The Common Good

And You Wonder Why People Aren’t Christians: Transportation Edition

I’ve said many times before that I believe that some people who were Christians and left the faith or those who reject Christianity altogether do so not because of any objection to the teachings of Jesus Christ. They object to the actions of Christians themselves

Tuileries Garden in Paris, SidBradypus / Shutterstock.com
Tuileries Garden in Paris, SidBradypus / Shutterstock.com

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The Christian Post recently reported that megachurch minister, Bishop, I.V. Hilliard, of the New Light Christian Center in Houston, made an interesting proposition to his congregation. According to the article, the church’s “Aviation Department” (yes, you read that correctly — aviation department) declared that the pastor’s helicopter (yes, you read that correctly — pastor’s helicopter) needed new blades. Click here to read the appeal letter.

This event is the same song but different verse of the prosperity gospel; this gospel promotes a tit-for-tat relationship with God. Since God wants you to be blessed and rich and prosperous, then giving to God will active that divine power within your life. At issue here is not only Bishop Hilliard’s request of money from the congregation for new helicopter blades, but also that Bishop Hilliard says that you will have divine favor in 52 days or 52 weeks if you donate $52. My initial reaction was “why not $40; that at least is a Biblical number?” Also, that’s quite a lengthy time frame — either a little over seven weeks or an entire calendar year. The problem with this mentality is that you will then start to look for it even if it is nowhere to be found.

It’s like having a pain in your leg and thinking that you have a serious medical condition because one article on WebMD or some forum post confirmed your suspicion. When we do that, we often disregard the mountain of other articles that state that your leg pain is merely a muscle pull. We want it to be one way so badly we are willing to disregard everything else. After those seven weeks are up and there still is no brand new Cadillac with a sun roof, XM Radio, and a V-8, then we are going to use the remaining time of our year to make the puzzle piece fit. This is not what God called the church to do; God does not call the church to try to solve the puzzle of whether something is a blessing because the church bought new helicopter blades.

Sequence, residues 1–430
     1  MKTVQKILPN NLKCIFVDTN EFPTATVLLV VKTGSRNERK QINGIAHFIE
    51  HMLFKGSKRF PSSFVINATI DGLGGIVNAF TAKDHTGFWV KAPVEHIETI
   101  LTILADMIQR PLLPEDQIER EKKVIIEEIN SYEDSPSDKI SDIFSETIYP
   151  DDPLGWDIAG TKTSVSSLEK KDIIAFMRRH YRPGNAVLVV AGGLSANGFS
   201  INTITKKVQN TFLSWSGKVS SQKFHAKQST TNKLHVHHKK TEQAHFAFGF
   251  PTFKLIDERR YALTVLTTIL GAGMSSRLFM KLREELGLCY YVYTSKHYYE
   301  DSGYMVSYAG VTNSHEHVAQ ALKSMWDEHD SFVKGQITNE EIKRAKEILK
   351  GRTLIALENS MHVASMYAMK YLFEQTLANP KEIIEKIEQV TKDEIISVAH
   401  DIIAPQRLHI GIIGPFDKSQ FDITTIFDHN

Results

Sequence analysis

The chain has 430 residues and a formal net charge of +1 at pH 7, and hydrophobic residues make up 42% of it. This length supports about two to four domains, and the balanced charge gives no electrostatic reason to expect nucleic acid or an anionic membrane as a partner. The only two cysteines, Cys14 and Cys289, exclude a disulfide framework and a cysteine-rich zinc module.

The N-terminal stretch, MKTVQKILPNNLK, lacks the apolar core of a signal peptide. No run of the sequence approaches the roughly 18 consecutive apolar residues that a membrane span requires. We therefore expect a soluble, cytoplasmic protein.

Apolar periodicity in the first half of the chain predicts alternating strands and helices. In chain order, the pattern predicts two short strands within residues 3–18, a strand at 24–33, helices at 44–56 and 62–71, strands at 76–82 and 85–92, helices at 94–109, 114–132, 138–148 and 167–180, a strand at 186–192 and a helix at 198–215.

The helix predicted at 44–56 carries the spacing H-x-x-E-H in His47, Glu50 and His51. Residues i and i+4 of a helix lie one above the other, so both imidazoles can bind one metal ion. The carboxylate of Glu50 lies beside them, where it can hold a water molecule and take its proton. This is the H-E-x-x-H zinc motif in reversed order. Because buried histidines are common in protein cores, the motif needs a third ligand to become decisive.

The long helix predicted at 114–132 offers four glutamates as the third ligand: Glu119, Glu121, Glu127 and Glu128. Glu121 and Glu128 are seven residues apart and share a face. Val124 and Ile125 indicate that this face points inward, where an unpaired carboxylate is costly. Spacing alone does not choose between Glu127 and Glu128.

What about that single parent who is faithful to their God and needs a car for work or school but can’t fork over $52? Are they just up a creek? Do they not reap the rewards of God’s blessing under this theological framework?

This type of theology is predicated on the notion that God only does for you when you do for God. Last time I checked, that is nowhere to be found in the Bible. Giving to God does not mean that one will receive back from God. Giving in all of its many forms is about one’s response to God. God has gifted humanity with many different things, and our understanding of God and our relationship with God dictates our type of giving. We use the rule of giving 10 percent of income or goods, but study after study show that this is not the case for much of the Christian populace.

Is this the reason so many people have joined the Christian faith over the centuries? Is a relationship with God and with Christ merely about a new car and a financial stability? If this is the case then I believe we have missed the point of the Gospel. The Gospel compels followers of Christ to be selfless and to give up our possessions that can rust and break down. The Gospel is centered on the notion of the other, the lonely, the downtrodden, the outcast; they are the ones we are called to serve. Our faith should not be dictated on giving just because we want something. Our giving should be an expression of our faith in thanksgiving for what God has done for us. God does not care how big or how small it might be.

Bishop Hilliard did release a statement in response to the uproar. He mentions a few scriptures here and there but the one that he discarded was the one where Christ said one cannot serve God and money.

I’m not a minister of a megachurch but I hope that if I were, I would not have a helicopter but rather use the money to feed the homeless or dig wells in Africa or something else more useful. This type of theology is appealing to some but some see the plight of the world — the hungry, the struggling, the hurting — and believe a helicopter for a minister is a waste of money. If the minister has nicer suits and transportation that most of his/her congregation, then is there disconnect between the printed words of Christ and the real world.

If Christianity is about giving to get … then it is doomed to fail.

Rev. Evan M. Dolive is an ordained minister in the Christian Church (Disciples of Christ). He is married to his high school sweetheart and has two children ages 3 and 1. He currently serves in Houston, Texas. He also blogs for Houston BeliefGood Men Project, and Radical Parents. For more information about Evan visit www.evandolive.com or find him onTwitter or Facebook.

Image: Tuileries Garden in Paris, SidBradypus / Shutterstock.com

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